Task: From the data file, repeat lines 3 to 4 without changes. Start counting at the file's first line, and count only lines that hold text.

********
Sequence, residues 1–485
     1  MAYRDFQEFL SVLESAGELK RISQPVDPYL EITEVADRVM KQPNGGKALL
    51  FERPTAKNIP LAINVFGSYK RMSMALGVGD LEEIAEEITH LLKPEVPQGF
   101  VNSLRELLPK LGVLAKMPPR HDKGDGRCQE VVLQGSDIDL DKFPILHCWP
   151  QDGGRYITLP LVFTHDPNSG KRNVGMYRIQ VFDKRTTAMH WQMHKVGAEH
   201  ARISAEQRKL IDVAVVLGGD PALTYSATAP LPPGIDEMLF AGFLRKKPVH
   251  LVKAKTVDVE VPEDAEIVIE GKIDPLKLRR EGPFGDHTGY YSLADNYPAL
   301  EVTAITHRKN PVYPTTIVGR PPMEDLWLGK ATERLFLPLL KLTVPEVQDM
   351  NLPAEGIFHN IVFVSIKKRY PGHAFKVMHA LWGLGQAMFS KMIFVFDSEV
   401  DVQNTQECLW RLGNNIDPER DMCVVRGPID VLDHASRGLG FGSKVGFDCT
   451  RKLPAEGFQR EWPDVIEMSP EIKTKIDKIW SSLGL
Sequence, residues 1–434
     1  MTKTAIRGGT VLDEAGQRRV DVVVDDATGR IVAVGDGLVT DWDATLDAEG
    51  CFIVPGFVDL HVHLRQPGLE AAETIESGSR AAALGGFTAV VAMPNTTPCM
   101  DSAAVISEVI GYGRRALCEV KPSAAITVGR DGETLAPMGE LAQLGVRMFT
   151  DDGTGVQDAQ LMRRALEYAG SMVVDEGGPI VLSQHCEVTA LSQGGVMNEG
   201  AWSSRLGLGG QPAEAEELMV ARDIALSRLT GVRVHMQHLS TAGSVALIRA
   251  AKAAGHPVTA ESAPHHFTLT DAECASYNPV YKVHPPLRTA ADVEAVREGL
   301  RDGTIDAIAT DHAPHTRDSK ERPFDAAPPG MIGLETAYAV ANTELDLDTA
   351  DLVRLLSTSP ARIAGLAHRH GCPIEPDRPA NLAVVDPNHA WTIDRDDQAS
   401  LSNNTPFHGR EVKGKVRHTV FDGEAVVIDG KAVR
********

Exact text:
    51  FERPTAKNIP LAINVFGSYK RMSMALGVGD LEEIAEEITH LLKPEVPQGF
   101  VNSLRELLPK LGVLAKMPPR HDKGDGRCQE VVLQGSDIDL DKFPILHCWP